const unifiedArray = uniqueById(arrayWithDuplicates);

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Using the the same benchmark conditions as above, this approach is ~2 x as fast as the second approach and ~900 x as fast as the first approach.

Conclusion

Even if all three approaches are looking quite similar, they have surprisingly different performance footprints.

You'll find the benchmarks I used here: jsperf.com/uniq-by-prop

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drozerah profile image
Drozerah • Edited on

Hi ! One other one line path to Rome, from France :


arr = arr.filter((power, toThe, yellowVests) => yellowVests.map(updateDemocracy => updateDemocracy['id']).indexOf(power['id']) === toThe)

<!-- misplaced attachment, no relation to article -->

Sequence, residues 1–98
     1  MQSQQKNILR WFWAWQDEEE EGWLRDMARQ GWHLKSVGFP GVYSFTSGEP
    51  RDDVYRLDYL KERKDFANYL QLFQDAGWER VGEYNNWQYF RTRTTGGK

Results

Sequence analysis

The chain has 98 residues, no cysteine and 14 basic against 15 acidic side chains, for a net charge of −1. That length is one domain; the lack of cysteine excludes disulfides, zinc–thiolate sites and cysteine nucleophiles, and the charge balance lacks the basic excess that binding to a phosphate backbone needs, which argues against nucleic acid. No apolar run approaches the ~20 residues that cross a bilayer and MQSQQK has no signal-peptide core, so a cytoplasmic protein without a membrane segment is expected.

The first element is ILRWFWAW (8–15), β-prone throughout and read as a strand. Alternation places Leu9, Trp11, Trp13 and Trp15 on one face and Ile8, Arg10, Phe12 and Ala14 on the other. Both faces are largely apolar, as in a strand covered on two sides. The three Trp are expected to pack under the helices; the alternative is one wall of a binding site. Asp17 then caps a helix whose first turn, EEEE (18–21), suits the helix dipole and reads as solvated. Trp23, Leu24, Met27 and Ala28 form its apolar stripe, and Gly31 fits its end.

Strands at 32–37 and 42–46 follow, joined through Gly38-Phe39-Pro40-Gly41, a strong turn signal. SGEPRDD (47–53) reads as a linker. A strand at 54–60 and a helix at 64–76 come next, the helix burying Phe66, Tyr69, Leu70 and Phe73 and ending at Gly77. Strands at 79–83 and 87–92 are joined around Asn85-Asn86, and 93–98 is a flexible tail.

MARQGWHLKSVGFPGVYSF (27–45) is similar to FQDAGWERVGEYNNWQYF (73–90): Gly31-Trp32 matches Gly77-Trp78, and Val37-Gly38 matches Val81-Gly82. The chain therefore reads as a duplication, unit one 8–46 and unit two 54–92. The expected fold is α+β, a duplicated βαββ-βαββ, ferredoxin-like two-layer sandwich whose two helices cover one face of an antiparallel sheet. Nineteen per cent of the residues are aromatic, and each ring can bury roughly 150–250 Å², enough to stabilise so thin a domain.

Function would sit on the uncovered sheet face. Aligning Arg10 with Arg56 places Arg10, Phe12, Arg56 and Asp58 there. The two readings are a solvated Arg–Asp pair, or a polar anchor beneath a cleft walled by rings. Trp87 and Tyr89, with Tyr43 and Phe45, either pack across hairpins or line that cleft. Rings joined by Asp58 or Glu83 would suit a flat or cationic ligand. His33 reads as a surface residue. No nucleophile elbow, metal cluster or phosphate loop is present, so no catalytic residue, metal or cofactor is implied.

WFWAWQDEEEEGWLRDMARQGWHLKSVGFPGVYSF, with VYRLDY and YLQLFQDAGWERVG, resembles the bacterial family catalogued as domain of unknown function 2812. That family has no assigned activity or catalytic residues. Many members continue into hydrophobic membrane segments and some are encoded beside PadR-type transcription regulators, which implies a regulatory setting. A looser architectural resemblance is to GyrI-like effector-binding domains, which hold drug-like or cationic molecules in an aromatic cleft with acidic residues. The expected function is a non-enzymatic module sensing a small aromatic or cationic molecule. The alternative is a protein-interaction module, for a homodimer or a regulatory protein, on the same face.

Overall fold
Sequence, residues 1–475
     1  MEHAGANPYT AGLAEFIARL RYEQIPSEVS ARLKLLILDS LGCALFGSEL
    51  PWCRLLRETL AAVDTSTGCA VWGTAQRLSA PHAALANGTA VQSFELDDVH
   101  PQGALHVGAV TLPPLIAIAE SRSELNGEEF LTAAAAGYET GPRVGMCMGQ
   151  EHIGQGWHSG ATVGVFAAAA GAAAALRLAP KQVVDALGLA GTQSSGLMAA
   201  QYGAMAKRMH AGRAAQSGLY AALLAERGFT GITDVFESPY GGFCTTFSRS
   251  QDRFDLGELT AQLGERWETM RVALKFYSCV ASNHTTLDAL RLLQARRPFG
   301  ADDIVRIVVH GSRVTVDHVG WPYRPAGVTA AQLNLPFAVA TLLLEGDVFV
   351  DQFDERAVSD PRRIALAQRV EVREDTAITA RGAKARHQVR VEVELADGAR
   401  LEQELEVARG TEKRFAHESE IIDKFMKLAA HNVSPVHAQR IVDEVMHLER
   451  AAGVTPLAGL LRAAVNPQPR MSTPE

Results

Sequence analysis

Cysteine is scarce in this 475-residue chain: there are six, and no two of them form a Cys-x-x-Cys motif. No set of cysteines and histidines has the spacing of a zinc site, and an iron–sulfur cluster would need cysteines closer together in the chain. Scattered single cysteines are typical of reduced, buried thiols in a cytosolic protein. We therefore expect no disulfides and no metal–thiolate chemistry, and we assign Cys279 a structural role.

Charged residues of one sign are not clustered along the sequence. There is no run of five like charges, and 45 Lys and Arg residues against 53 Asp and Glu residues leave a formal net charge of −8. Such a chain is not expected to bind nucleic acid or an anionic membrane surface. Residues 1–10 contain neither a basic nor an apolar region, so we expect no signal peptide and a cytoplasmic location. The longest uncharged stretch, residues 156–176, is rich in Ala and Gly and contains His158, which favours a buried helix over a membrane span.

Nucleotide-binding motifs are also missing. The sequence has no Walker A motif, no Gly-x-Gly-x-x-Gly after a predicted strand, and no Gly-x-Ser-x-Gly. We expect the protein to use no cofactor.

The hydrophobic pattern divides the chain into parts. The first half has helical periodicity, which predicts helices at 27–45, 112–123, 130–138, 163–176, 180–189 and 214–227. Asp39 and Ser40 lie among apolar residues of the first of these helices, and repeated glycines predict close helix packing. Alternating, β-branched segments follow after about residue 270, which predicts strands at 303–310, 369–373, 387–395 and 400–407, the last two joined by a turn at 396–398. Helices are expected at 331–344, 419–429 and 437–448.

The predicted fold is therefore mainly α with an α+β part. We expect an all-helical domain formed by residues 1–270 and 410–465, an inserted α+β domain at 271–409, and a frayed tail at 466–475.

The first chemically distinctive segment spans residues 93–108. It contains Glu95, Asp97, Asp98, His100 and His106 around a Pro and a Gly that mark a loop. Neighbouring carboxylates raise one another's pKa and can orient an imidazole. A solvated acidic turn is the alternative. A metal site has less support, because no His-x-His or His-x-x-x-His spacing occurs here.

console.log(arr)

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`

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marinamosti profile image
Marina Mosti Author

Merci! :)

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arthurcat profile image
ArthurCat

More JS but too slow.

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itachiuchiha profile image
Itachi Uchiha

I have also this solution O.o

const dupAddress = [
    {
        id: 1,
        name: 'Istanbul'
    },
    {
        id: 2,
        name: 'Kocaeli'
    },
    {
        id: 3,
        name: 'Ankara'
    },
    {
        id: 1,
        name: 'Istanbul'
    }
]

let addresses = [...new Set([...dupAddress.map(address => dupAddress[address.id])])]

console.log(addresses)

But this only works with address.id, so this doesn't work with address.name

Really, why this doesn't work like that?

let addresses = [...new Set([...dupAddress.map(address => dupAddress[address.name])])]
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marinamosti profile image
Marina Mosti Author